The exhibition includes contemporary embroidery in the form of pillows, wall
hangings and runners inspired by 19th and 20th century costumes.
These modern items were reproduced by Palestinian refugee women of the Middle
East where the Palestinians sought refuge after the catastrophic event known as
al Naqba. These pieces work to weave together Arab history and culture through
the highest caliber of workmanship.
"Threads of Pride" is a symbolic expression of Palestinian identity -
specifically the identity of village women who toiled endlessly to create such
masterpieces and wrote this part of their history with a needle and thread. This
embroidered “script” containing ancient symbols is the language by which
Palestinian culture is being introduced to the rest of the world.
The Palestinian Heritage Foundation, co-founded by the Munayyers of West
Caldwell, NJ, recently celebrated its 20th Anniversary at a banquet held in
Teaneck, NJ. (see July 2007 Washington Report, p. 38).
During the past few years, the Munayyer Collection has been traveling
across the United States and has been exhibited in the Washington National
Cathedral, the Mingei Museum of Folk Art in San Diego, CA, the Fuller Museum in
Brockton, MA, and the Craft and Folk Art Museum in Los Angeles, CA.
invitation of the United Nations, the Foundation will set up a display in
commemoration of the Day of Solidarity with the Palestinian People celebrated by
the U.N. on Nov. 29. For more information visit: <www.palestineheritage.org/threads%20of%Pride.htm>.
Traditional costumes on display at museum
By Mary Pritchard , Heritage Newspapers
History, tradition and elegance are woven into every garment showcased in
the latest exhibit now on display at the Arab American National Museum.
The latest addition to the first museum devoted to Arab American history
and culture, the "Threads of Pride" exhibit showcases traditional Palestinian
costumes. Forty embroidered dresses and ceremonial costumes demonstrate the
strikingly intricate patterns unique to the Palestinian culture as well as the
cultural and social meanings associated with each design.
The costumes on exhibit at the AANM are a part of the traveling collection
of Hanan and Farah Munayyer, founders of the Palestinian Heritage Foundation of
West Caldwell, N. J. They created this foundation to sustain the integral aspects of the
Palestinian cultural heritage and identity often lost in a disjointed society.
Each region in Palestine is represented with a complete outfit, the styles
representing the tradition of that particular area. Jaffa, for example, emphasizes intricate embroidery, while El-Kalil is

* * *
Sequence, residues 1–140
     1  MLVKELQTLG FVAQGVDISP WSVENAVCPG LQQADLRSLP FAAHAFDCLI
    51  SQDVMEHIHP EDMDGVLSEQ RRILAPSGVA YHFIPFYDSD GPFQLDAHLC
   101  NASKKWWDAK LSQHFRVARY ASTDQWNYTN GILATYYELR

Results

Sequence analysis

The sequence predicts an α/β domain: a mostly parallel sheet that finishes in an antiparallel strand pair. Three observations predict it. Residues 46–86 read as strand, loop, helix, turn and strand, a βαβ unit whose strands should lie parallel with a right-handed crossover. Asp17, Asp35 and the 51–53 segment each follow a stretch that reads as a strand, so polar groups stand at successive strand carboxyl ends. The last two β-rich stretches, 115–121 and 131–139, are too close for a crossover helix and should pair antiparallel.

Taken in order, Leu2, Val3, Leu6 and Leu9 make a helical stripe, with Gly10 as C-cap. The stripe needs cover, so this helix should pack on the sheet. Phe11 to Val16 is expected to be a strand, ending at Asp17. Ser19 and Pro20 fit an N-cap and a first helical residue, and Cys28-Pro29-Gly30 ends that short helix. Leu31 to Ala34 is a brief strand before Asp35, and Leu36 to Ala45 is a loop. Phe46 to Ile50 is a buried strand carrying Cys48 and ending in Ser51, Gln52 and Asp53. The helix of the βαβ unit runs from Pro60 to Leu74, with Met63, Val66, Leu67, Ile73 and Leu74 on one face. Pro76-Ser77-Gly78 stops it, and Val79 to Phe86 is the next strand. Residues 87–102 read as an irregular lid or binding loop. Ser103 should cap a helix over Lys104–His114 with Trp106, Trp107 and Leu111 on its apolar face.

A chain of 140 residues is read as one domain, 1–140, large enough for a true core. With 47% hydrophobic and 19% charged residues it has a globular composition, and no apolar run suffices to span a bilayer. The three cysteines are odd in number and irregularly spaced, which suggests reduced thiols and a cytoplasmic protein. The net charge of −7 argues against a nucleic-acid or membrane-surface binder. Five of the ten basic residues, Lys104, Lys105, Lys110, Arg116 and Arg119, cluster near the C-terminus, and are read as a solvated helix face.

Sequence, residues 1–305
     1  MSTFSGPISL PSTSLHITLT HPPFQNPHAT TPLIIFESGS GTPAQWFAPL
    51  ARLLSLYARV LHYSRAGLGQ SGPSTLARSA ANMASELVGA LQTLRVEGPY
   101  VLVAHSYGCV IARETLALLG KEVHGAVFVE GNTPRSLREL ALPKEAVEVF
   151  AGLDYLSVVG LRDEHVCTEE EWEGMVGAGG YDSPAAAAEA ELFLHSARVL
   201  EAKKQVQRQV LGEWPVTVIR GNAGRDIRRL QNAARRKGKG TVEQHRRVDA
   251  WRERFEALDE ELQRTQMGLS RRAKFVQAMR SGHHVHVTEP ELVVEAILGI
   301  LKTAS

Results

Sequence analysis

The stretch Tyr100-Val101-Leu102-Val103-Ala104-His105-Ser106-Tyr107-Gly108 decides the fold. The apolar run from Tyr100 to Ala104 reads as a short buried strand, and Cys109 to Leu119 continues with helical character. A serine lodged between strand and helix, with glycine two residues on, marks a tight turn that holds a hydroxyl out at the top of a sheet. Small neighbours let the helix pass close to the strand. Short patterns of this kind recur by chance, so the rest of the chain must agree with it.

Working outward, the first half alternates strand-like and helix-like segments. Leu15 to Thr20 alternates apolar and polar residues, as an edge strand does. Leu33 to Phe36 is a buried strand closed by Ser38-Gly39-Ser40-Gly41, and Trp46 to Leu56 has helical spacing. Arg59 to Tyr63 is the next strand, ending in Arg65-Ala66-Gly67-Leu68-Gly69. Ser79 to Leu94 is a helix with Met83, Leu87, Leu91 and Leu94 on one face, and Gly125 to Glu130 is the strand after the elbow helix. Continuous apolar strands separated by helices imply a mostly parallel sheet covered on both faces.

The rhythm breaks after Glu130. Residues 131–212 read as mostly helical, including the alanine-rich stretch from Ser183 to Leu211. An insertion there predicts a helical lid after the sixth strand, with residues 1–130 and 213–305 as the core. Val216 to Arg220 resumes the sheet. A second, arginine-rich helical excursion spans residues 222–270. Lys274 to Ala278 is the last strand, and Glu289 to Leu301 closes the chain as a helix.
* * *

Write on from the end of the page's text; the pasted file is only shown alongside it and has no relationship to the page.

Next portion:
known for silver coin headdresses. The Bedouin Naqab Desert region has a
distinct melding of features, as the land was used as a meeting place that
resulted in a blending of styles and cultures.
The differences in regional dress remain an identifying feature for the
natives of Palestine. "Any time I see one of these dresses, in a split second I can tell you
where it originates from — this is a very old concept of identification," Hanan
Munayyer went on to explain that fashion differs from the constant trends
that infiltrate American culture. Traditional Palestinian garments are worn
daily —switching to a different style or pattern would be betraying your
One of the challenges in compiling an exhibit such as "Threads of Pride"
is learning to piece the outfits together, stated the New Jersey couple. Because
the separate components of each ensemble were often acquired individually,
extensive research on how to coordinate the appropriate aspects together to form
one cohesive outfit unique to each Palestinian area was necessary.
"We found the best resource to be National Geographic, actually. We looked
up pictures of native Palestinians from back in the 1900s and used them as
guides," Munayyer said.
Although the outfits on display seem quite intricate and elaborate, this
style of dress was considered everyday wear, even when working outside in the
fields where people were used to tying the long ornate sleeves behind their
heads for convenience.
After learning about the proper ways of coordinating the garments, the
Munayyer duo had plenty of practice working with mannequin setup and the care
and handling of textiles.
Several permanent and traveling displays later, their collection continues
to grow and expand with support from their foundation and contributors.
"Threads of Pride" premiered on July 12 with a special opening ceremony